Section "Extensions"
        Option "Composite" "Disable"

    After a quick restart, the tearing was completely gone. Yay!

  • Switching to WordPress

    I was starting to get tired of Drupal, so I thought I’d switch my blog over to WordPress. So far I’m impressed. The installation was simple, and I was up and running in minutes. I thought of using a script to copy my old blog postings over, but since there weren’t many I just did it by hand. Now I’m putting the finishing touches on. Please let me know if you notice any problems.

  • My submission to the Copyright Consultation

    I just sent my submission to the Canadian Copyright Consultation. There’s still time to submit, if you haven’t done so already. I’d recommend reading Professor Michael Geist’s submission to get some ideas.

    Here’s my submission:

    Having read over the previous copyright bill (C-61), I would like to voice my opposition to the inclusion of anti-circumvention provisions in the new copyright bill. My reasons are as follows:

    1. The anti-circumvention provisions in bill C-61 would have made it illegal for consumers to unlock their cell phones. This would further stifle competition in Canada’s wireless sector by making it more difficult for consumers to switch carriers, since they would have to purchase new hardware. It is my view that competitiveness would be maximized by banning the practice of cell phone locking, rather than protecting it in law. The owner of a cell phone should be free to use it with the carrier of his or her choice.
    2. Users of the Linux operating system, myself included, must use a circumvention tool (libdvdcss) to play legally purchased DVDs on their computers. I see no reason why the use or distribution of this tool should be restricted, since it has many uses which do not infringe upon copyright.
    3. The anti-circumvention provisions in bill C-61 would have allowed copyright holders to take away users’ fair dealing rights simply by applying technological protection measures (TPMs) to their works. Fair dealing rights are a critical part of our copyright legislation, and we must not allow them to be taken away by anti-circumvention legislation.
    4. Technological protection measures can be harmful to consumers. For example, in 2005 Sony sold music CDs containing software intended to prevent unauthorized copying. This software installed itself without requesting the user’s consent and could not be un-installed. It also made the user’s computer unstable and vulnerable to attack. Other copy protection schemes use a central server to decide whether to allow users to access content they have purchased. When this server ceases to function, whether intentionally or unintentionally, users lose access to their content. In 2008, this occurred when Yahoo shut down its DRM server. I believe that rather than protecting TPMs in law, we should be protecting consumers from them by limiting their use.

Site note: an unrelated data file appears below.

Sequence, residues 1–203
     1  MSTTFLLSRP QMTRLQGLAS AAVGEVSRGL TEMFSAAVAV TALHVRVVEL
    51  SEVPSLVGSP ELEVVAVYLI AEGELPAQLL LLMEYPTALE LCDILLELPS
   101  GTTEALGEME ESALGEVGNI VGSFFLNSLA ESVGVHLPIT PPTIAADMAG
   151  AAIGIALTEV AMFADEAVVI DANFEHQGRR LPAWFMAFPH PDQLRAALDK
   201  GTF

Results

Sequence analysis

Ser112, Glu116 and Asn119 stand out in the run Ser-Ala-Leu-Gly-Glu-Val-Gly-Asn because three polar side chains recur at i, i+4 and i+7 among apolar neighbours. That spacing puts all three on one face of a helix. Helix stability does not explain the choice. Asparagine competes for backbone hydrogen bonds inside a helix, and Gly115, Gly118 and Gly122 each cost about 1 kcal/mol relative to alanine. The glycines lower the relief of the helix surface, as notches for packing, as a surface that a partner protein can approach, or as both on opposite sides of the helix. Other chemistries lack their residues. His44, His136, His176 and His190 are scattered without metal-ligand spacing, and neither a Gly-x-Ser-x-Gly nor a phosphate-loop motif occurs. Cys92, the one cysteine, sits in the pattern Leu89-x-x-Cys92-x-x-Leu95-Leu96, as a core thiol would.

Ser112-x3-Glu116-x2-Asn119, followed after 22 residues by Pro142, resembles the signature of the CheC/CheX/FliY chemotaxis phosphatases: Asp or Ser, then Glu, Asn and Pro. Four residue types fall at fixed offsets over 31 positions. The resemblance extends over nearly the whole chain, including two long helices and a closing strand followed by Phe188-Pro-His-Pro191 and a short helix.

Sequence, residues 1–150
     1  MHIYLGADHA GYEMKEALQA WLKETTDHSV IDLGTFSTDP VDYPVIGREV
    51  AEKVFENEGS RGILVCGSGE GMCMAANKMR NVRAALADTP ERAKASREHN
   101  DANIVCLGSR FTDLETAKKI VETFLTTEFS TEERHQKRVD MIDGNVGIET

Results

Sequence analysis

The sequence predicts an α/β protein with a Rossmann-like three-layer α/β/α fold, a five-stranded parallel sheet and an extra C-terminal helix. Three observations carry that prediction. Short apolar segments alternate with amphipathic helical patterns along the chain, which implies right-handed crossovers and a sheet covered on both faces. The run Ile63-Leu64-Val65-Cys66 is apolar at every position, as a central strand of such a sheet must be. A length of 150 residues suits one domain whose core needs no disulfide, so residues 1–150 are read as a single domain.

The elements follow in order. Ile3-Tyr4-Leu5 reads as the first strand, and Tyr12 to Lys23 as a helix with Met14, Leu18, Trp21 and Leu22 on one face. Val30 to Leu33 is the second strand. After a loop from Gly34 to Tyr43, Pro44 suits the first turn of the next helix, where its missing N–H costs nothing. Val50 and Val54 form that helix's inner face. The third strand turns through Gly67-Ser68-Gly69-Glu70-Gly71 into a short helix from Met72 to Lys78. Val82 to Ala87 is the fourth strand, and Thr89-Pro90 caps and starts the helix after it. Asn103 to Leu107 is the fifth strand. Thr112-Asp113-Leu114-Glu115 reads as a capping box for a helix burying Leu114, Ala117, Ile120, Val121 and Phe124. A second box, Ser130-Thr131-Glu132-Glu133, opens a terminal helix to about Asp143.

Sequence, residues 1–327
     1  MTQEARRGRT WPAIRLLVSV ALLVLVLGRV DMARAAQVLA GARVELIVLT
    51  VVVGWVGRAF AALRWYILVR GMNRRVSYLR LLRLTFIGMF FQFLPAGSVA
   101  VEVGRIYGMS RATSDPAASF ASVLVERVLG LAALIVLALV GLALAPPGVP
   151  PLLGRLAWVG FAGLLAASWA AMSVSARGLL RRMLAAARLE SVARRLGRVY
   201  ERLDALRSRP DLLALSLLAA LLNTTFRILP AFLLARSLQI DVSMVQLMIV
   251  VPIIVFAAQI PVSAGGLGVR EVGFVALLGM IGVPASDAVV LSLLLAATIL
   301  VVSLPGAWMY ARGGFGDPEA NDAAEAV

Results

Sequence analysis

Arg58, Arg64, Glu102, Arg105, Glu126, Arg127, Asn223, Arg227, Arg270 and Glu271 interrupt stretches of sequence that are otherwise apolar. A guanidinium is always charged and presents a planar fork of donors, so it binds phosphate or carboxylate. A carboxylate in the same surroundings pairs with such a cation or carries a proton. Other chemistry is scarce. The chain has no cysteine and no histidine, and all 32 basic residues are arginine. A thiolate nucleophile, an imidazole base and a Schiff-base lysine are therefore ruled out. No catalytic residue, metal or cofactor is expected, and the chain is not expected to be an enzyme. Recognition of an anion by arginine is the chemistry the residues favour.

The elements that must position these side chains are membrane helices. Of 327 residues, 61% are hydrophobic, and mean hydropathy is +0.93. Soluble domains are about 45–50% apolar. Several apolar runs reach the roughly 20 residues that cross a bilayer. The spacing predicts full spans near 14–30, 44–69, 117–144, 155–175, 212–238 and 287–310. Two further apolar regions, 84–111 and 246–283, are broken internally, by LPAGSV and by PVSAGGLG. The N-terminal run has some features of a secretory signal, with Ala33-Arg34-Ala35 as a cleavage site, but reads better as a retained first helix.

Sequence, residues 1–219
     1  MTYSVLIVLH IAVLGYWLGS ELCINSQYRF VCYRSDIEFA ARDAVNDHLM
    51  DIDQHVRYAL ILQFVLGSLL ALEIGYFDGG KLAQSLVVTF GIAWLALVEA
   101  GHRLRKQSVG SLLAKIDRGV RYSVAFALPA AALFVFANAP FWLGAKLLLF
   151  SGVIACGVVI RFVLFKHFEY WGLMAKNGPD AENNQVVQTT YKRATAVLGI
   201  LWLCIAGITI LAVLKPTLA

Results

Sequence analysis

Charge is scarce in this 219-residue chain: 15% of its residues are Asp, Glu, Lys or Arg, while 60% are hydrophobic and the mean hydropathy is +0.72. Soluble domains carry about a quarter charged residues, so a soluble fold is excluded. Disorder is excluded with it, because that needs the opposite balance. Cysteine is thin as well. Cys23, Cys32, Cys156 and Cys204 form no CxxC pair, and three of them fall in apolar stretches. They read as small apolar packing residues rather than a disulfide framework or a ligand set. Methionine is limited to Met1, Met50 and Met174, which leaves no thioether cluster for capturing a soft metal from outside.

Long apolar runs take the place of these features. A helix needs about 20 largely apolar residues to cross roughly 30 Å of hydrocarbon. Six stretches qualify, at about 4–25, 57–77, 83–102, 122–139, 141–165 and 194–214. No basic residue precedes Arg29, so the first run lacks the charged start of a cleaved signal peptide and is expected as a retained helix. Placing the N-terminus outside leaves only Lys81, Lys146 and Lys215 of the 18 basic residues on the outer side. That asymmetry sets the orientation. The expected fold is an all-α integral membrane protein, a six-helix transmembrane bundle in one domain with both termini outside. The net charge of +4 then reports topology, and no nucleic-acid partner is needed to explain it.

5. Technological protection measures can harm competition. For example, until recently, users who purchased songs through the Apple iTunes music store could only play such content on Apple iPods. A user wishing to switch to another brand of music player would be unable to do so without losing access to their purchased content. It is my opinion that users should be able to access legally purchased content on the device of their choice. Protecting TPMs in law would undermine this goal.

    I would further like to make the following suggestions for the upcoming copyright legislation:

    1. Crown copyright should be abolished. I believe that the benefit to the public of putting works produced by the government into the public domain would greatly outweigh the resultant loss of revenue to the government. This model is used in the United States, where works produced by its federal government are not entitled to domestic copyright protection.
    2. The term of copyright protection should be reduced. In my opinion, twenty years from the date of publication should suffice, since most works cease to be comercially exploitable before that point anyway. This would vastly enrich the pool of works in the public domain, upon which creators could freely build.